Retinal detachment (RD) appears most commonly spontaneously, however, there are indeed factors that predispose a person to suffering from this disease
1. What is retinal detachment (RD)?
RD is a serious eye disease that involves physical separation and accumulation of fluid between the internal retina (neurosensory retina) and the external retina (pigmentary epithelium), which would be in close contact under normal circumstances.
2. Are there different forms of RD?
There are three basic types: rhegmatogenous retinal detachment caused by one or more ruptures in the retina (this is the most common type); tractional retinal detachment caused by the fibrous tissues that pull away from the retina (common in the diabetic retinopathy); and exudative retinal detachment, which is due to a leakage of fluid below the retina in tumoral diseases and severe inflammation.
3. Are there any predisposing factors to RD?
RD most commonly appears spontaneously, however, there are indeed factors that predispose a person to suffering from this disease: acute detachment of the vitreous, degenerative lesions on the peripheral retina, myopia, contusive trauma, complications during cataract surgery, advanced forms of diabetic retinopathy, inflammation of the uvea, tumours in the retina or choroid (melanoma, vascular tumours) and even a family history of RD.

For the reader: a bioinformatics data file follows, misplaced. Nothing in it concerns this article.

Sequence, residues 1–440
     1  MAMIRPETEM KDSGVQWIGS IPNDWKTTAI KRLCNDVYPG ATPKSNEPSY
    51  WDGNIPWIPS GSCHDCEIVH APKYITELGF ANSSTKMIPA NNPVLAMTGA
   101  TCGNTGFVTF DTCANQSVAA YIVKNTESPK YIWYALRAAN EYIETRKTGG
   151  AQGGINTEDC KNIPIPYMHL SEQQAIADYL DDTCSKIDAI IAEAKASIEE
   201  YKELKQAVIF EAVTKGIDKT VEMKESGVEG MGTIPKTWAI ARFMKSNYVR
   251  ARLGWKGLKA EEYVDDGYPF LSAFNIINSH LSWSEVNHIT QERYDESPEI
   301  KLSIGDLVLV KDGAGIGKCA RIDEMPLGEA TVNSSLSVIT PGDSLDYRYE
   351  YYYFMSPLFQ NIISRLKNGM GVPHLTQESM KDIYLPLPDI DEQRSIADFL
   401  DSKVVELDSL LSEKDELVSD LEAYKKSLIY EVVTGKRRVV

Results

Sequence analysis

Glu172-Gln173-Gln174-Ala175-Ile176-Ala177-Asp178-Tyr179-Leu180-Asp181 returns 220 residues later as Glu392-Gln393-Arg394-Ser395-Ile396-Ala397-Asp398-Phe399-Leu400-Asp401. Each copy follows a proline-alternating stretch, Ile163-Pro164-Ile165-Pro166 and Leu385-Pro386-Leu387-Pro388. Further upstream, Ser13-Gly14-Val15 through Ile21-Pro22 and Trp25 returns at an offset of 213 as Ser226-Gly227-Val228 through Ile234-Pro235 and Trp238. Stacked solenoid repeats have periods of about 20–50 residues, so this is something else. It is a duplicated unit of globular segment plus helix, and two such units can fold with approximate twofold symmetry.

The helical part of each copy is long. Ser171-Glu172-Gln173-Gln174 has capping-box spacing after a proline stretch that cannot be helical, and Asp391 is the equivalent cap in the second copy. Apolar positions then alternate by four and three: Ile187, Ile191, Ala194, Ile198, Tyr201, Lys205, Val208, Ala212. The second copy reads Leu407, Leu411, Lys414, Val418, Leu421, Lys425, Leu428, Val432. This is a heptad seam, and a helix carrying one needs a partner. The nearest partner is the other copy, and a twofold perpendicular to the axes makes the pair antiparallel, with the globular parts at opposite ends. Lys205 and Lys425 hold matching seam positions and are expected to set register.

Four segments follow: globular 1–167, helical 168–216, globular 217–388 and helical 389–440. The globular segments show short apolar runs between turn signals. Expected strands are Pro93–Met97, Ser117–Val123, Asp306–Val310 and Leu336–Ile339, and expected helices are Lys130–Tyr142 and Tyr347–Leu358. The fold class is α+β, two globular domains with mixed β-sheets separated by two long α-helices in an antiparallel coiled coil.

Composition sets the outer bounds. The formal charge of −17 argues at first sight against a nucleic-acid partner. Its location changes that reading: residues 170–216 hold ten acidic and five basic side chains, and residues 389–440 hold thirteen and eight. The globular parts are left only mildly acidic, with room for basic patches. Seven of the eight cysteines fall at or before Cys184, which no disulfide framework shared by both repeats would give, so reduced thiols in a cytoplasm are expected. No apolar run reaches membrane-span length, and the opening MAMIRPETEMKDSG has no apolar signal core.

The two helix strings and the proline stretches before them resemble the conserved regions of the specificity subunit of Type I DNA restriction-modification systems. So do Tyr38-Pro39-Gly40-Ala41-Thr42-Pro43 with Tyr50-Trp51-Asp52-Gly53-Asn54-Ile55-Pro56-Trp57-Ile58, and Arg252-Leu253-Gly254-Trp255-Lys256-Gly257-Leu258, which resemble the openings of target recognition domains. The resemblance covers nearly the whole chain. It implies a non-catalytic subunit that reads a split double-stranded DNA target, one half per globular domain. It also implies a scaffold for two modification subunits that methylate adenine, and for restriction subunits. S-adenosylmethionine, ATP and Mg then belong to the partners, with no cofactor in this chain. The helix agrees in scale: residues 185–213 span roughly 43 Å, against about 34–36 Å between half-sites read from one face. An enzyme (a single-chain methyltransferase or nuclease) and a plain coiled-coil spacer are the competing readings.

More than 95% of RD cases develop favourably if an early and suitable diagnosis is made and treatment is provided
4. What are the warning signs compatible with a RD diagnosis?
The sudden appearance of flashes of light (photopsia) and/or floaters (myodesopsias) followed by the appearance of a fixed dark spot that gradually invades the visual field, are the clinical signs most characteristic of a RD. If the diseases continues to advance, it may end up compromising the central region of the retina, which would be manifested by distorted images and a great loss of visual acuity.
5. How is RD treated?
There are various alternatives based on the type and spread of the RD. When there are tears or traction on the retina, we use surgical techniques with very specialised instruments. We perform surgery with local anaesthesia and sedation, and we use the laser to block the ruptures. We treat exudative RDs with strong anti-inflammatory drugs or even with radiotherapy if there is an associated tumoral lesion. More than 95% of RD cases develop favourably if an early and suitable diagnosis is made and treatment is provided.
Doctor Javier Elizalde, ophthalmologist of the Barraquer Ophthalmology Center